Traditionally, in rural Borneo, wives whose husbands have died are left with few options for making a living. Our partners at Alam Sehat Lestari (ASRI) created the Goats for Widows program to empower these women and give them economic independence. Amy Cardamone, a public health expert who works in different rural areas throughout Southeast Asia, visited Alam Sehat Lestari recently and witnessed the birth of a baby goat, with a rather dramatic intervention from ASRI staff:
Monica Ruth Nirmala, DDS is part of a proud, if new, tradition in Borneo: dentists saving the rainforest. This month, she follows in the footsteps of internationally celebrated dentist and conservation inspiration Dr. Hotlin Ompusunggu by becoming the Executive Director of Alam Sehat Lestari (ASRI).
I find it very appropriate that my trip to Indonesia was bookended by goats. A little more than two years ago, I wrote my master’s thesis at the University of Montana on international community development, focusing particularly on women’s roles. That interest meant the Goats for Widows program was what initially drew me to Health In Harmony. Though my appreciation now extends to each of ASRI’s programs, last Tuesday, standing in the road outside of Pak Rapi’s house (a local village leader), I remembered that original excitement, and it added to the joy of seeing smiles on the faces of eight women collecting their new kambing.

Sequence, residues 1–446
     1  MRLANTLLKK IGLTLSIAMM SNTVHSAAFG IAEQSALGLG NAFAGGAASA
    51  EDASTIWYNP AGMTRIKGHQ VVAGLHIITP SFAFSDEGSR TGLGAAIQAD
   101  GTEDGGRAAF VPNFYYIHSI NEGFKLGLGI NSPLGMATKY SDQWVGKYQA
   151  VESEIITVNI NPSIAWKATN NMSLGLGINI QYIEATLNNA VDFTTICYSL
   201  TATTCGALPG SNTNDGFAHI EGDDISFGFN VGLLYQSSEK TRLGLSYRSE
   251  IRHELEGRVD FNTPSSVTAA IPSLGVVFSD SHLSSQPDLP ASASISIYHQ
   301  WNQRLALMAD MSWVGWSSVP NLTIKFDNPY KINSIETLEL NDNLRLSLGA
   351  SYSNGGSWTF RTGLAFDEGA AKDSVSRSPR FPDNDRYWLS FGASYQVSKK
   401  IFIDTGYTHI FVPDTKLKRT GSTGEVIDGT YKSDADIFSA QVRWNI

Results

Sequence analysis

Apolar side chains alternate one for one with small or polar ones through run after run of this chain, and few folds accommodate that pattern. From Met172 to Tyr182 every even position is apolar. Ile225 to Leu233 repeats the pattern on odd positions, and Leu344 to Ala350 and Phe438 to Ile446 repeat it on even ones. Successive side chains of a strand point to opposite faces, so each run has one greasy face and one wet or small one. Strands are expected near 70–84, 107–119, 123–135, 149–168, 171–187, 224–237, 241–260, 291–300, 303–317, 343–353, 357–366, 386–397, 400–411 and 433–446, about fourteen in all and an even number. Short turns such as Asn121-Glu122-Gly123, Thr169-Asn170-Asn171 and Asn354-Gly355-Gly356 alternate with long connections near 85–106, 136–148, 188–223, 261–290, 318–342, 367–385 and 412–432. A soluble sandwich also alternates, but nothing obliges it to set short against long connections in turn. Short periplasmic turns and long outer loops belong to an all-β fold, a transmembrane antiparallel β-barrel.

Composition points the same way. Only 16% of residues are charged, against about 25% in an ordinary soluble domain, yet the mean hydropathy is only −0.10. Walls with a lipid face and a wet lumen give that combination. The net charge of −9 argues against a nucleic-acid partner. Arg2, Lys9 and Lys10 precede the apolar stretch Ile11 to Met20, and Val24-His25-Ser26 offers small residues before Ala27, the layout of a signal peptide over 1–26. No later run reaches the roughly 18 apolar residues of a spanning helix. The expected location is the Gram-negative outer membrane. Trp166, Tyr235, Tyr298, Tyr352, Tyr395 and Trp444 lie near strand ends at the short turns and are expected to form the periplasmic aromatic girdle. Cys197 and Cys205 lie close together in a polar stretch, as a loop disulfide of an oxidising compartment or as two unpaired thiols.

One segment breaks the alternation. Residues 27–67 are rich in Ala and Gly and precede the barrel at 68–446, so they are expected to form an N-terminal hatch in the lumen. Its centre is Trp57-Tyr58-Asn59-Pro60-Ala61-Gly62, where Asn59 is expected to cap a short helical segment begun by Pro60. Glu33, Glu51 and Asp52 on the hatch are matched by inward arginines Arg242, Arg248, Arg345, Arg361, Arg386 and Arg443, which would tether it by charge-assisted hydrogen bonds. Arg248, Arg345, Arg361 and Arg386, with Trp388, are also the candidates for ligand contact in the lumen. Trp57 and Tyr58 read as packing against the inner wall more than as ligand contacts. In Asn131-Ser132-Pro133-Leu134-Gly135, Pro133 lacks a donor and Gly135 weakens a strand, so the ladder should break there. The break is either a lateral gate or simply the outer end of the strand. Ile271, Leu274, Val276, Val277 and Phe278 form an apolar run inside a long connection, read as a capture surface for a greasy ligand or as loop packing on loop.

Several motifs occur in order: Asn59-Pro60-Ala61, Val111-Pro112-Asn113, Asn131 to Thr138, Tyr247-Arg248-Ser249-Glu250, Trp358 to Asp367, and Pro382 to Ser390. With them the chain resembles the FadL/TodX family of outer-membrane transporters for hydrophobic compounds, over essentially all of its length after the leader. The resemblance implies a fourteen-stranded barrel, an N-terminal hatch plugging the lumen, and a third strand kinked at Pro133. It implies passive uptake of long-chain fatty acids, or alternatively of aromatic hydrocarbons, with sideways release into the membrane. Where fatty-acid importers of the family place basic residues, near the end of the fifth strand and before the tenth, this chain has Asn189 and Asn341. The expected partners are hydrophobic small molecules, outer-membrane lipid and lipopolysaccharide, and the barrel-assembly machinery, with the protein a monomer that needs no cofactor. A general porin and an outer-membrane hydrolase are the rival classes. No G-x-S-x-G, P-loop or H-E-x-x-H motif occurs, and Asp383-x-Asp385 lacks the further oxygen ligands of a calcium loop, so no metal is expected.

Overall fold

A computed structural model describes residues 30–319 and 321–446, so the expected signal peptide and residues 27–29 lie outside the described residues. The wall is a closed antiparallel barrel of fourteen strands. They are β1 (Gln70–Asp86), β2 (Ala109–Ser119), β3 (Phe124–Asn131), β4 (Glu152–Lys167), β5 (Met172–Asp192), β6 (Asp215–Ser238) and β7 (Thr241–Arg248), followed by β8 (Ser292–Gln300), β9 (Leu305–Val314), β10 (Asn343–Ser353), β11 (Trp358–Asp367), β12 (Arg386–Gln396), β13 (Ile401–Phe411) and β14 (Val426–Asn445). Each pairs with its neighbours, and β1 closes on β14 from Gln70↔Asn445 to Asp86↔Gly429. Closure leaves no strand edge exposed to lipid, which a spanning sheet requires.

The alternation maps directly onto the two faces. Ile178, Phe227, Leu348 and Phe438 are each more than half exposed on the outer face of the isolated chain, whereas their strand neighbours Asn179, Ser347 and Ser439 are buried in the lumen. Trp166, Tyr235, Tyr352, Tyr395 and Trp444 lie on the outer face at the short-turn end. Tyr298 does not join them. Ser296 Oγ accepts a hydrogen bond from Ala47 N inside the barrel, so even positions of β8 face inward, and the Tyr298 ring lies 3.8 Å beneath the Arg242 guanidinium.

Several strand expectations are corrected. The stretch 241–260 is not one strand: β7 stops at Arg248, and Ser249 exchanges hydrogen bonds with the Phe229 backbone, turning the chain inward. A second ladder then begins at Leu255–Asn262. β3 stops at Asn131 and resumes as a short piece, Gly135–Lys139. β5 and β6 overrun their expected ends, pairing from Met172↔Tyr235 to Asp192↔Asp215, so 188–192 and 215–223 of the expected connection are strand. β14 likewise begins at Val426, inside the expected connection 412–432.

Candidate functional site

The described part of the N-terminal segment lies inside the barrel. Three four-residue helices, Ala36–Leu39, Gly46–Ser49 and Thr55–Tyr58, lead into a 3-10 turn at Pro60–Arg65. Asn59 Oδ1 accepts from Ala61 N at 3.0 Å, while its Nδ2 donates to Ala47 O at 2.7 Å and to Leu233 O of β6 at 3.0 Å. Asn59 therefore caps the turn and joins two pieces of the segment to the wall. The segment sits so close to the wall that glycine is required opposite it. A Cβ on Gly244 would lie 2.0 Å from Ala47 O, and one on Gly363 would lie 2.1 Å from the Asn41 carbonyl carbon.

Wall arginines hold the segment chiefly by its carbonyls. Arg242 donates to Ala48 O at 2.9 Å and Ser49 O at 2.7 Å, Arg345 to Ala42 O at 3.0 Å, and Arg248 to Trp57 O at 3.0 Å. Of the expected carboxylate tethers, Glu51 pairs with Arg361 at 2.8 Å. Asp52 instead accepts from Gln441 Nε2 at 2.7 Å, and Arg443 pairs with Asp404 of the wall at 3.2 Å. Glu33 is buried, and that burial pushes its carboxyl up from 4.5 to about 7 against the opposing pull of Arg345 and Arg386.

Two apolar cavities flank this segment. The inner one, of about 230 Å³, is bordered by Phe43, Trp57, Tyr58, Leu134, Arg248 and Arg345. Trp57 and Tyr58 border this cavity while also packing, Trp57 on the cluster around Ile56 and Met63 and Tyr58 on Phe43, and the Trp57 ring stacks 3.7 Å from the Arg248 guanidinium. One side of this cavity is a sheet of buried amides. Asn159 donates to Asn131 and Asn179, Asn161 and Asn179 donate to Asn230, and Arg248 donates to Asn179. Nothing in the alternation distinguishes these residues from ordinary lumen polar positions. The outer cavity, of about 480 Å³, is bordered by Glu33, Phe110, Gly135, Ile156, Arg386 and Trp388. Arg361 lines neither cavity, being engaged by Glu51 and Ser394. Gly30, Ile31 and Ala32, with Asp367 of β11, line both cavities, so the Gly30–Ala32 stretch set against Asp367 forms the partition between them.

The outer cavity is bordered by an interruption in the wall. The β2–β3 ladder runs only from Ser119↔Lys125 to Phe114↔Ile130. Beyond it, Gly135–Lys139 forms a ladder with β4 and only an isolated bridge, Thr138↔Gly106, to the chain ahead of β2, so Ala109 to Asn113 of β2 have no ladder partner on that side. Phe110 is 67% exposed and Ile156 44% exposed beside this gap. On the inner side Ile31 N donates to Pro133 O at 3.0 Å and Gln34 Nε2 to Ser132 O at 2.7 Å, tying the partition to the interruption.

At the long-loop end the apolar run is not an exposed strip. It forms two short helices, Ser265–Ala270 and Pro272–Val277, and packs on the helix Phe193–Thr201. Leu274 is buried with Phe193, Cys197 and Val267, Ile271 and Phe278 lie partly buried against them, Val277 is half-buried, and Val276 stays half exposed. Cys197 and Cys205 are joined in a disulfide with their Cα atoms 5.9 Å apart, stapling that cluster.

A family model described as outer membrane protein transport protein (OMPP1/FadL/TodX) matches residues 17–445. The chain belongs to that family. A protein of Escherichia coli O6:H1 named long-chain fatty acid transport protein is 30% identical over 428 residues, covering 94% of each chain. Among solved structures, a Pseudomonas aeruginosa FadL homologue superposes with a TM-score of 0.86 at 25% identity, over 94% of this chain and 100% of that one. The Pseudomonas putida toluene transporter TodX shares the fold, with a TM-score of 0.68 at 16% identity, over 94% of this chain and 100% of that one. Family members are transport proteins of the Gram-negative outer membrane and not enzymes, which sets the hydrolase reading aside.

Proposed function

Earlier this month, ASRI's Education Coordinator, Etty Rahmawati, spoke with two women who live near the ASRI clinic about their uses of, and feelings about, water. Give now to support a system of wells and water for women like Nur Hayati and her family. Read on for profiles of these strong and capable women - and look for more stories of remarkable women in September's issue of the newsletter.